LLE: The Development and Future Impact of Biotechnologies for Mineral Processing and Metal Recovery
November 18 @ 12:00 pm - 1:00 pm
Human society is seemingly at a crossroads in its use of metal resources. On the one hand, there are increasing demands not only for increased amounts of metals in general, but also for far more different metals (including rare earth elements) many of which were considered of little or no use or value in the past. This is set against global concerns about the degradation of the environment and the need to reduce carbon and energy footprints. The scale of demand for different metals is doubling every 10 – 20 years and only a small fraction of this can be met by recycling. Traditional metal mining is highly consumptive of energy, with about 5% of total global consumption estimated to be used to haul rocks to the land surface (~99% of which ends up in waste dumps) and to crush and grind them to fine powders (comminution).
Scientists working in the fields of geomicrobiology and biohydrometallurgy have long recognised that some microorganisms can be harnessed to extract metals from minerals at ambient temperatures and pressures, and also to recover metals from waste and process waters by targeted biomineralisation. The first trial for using microorganisms to process metal minerals was established over 50 years ago (to extract copper from run-of-mine waste rocks) and has grown in scale to account for ~15% of copper and 5% of gold production worldwide. This presentation will describe how “biomining” has evolved, but why it is still considered a niche technology by most in the mining sector. Recent innovations that offer opportunities to use biotechnologies to exploit metal ores traditionally considered non-economic, due to their locations or mineralogies, will be described, and the financial as well as environment benefits to be gained by more widespread use of “bio” processes for extracting and recovering metals will be highlighted.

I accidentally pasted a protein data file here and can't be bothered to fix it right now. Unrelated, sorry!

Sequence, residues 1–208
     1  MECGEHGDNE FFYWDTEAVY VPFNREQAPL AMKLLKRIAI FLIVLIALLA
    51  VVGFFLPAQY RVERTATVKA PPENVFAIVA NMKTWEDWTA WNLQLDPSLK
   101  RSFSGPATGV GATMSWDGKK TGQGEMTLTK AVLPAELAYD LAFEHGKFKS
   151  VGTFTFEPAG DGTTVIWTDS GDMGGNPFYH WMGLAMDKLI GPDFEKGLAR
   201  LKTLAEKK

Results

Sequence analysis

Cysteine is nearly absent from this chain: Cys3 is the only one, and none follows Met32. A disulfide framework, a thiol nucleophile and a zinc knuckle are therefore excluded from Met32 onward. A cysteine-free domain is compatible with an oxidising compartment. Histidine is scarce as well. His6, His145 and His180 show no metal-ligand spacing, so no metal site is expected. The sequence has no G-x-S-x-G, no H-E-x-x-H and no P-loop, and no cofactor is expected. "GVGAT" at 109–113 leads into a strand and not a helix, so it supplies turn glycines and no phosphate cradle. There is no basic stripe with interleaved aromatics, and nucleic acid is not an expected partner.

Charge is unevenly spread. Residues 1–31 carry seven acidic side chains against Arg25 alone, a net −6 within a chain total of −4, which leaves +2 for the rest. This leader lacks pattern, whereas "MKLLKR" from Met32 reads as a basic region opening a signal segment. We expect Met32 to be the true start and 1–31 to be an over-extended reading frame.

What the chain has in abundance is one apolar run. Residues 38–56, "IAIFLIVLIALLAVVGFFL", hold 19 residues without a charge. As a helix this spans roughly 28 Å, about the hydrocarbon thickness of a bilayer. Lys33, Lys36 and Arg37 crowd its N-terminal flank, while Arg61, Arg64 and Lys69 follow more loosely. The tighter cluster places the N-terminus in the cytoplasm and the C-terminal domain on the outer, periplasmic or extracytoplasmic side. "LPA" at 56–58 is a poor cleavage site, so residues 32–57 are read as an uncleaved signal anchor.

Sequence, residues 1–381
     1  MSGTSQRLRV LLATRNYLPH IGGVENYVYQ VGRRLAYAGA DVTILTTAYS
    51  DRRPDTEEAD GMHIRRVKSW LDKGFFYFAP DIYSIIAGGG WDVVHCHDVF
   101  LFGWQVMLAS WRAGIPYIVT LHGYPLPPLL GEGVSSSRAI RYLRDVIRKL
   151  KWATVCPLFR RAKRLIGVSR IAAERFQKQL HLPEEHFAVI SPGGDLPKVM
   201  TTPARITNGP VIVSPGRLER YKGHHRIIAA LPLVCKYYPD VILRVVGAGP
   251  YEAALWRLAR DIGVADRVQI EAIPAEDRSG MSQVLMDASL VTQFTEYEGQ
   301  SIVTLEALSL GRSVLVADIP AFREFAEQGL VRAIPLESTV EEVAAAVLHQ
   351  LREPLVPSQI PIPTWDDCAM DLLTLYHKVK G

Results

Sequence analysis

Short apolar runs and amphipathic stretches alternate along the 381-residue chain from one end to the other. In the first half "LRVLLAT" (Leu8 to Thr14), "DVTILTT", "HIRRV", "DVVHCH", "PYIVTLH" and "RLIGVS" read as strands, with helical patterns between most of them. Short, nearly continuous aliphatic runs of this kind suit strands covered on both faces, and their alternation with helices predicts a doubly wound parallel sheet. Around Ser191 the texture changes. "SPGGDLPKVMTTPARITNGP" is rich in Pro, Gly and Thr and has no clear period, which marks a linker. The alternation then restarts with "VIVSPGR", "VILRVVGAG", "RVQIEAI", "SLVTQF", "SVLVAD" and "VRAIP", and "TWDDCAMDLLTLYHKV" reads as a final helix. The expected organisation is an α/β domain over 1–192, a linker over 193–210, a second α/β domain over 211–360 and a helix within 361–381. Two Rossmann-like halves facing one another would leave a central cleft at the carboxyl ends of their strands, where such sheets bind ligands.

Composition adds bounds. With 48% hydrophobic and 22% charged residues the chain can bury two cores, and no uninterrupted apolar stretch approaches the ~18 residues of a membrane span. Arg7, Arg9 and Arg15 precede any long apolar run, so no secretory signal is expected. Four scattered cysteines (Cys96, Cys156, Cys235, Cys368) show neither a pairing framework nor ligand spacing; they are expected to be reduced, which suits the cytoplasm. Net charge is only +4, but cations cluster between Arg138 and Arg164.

Barrie Johnson is a research professor, based at Bangor and Coventry Universities (UK) with >30 years experience with using specialised microorganisms to extract and recover metals. He is an elected member of the Learned Society of Wales, an Industrial Research Fellow of the Royal Society, has held honorary professorships at Exeter University and Central South University (China) and research fellowships awarded by the US Department of Energy and Bureau of Mines. He has worked with many of the leading global mining companies (Rio Tinto, BHP Billiton, Newmont Mining, Vale etc.) and collaborates with many research groups throughout the world on fundamental and applied aspects of biohydrometallurgy. He has published over 370 articles in journals, books and conference proceedings, and has worked on over 70 funded (research council, EU and industry) research projects. His research was highlighted by Scientific American highlighted as one of “10 world changing ideas” in their December 2011 edition.
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